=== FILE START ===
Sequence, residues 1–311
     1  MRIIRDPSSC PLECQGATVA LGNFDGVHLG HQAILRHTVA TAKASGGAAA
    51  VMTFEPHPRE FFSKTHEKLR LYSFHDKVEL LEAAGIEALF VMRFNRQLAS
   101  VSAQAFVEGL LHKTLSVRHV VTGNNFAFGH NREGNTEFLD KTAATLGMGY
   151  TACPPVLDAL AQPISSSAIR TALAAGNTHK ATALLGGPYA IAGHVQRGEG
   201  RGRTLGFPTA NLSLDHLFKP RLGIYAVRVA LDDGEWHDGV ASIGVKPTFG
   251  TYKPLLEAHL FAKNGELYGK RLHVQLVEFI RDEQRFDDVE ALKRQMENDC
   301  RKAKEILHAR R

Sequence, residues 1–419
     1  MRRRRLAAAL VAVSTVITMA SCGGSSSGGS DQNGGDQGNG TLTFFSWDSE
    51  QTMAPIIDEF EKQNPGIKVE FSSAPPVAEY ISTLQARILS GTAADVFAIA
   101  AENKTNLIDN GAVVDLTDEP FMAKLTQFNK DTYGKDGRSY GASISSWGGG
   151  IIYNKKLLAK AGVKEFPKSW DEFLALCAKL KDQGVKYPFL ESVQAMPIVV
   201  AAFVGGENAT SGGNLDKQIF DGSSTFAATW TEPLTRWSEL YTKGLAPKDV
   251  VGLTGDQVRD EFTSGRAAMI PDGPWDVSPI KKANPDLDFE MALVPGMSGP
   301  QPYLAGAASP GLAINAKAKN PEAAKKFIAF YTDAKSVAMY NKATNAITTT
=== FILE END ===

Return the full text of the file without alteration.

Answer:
Sequence, residues 1–311
     1  MRIIRDPSSC PLECQGATVA LGNFDGVHLG HQAILRHTVA TAKASGGAAA
    51  VMTFEPHPRE FFSKTHEKLR LYSFHDKVEL LEAAGIEALF VMRFNRQLAS
   101  VSAQAFVEGL LHKTLSVRHV VTGNNFAFGH NREGNTEFLD KTAATLGMGY
   151  TACPPVLDAL AQPISSSAIR TALAAGNTHK ATALLGGPYA IAGHVQRGEG
   201  RGRTLGFPTA NLSLDHLFKP RLGIYAVRVA LDDGEWHDGV ASIGVKPTFG
   251  TYKPLLEAHL FAKNGELYGK RLHVQLVEFI RDEQRFDDVE ALKRQMENDC
   301  RKAKEILHAR R

Sequence, residues 1–419
     1  MRRRRLAAAL VAVSTVITMA SCGGSSSGGS DQNGGDQGNG TLTFFSWDSE
    51  QTMAPIIDEF EKQNPGIKVE FSSAPPVAEY ISTLQARILS GTAADVFAIA
   101  AENKTNLIDN GAVVDLTDEP FMAKLTQFNK DTYGKDGRSY GASISSWGGG
   151  IIYNKKLLAK AGVKEFPKSW DEFLALCAKL KDQGVKYPFL ESVQAMPIVV
   201  AAFVGGENAT SGGNLDKQIF DGSSTFAATW TEPLTRWSEL YTKGLAPKDV
   251  VGLTGDQVRD EFTSGRAAMI PDGPWDVSPI KKANPDLDFE MALVPGMSGP
   301  QPYLAGAASP GLAINAKAKN PEAAKKFIAF YTDAKSVAMY NKATNAITTT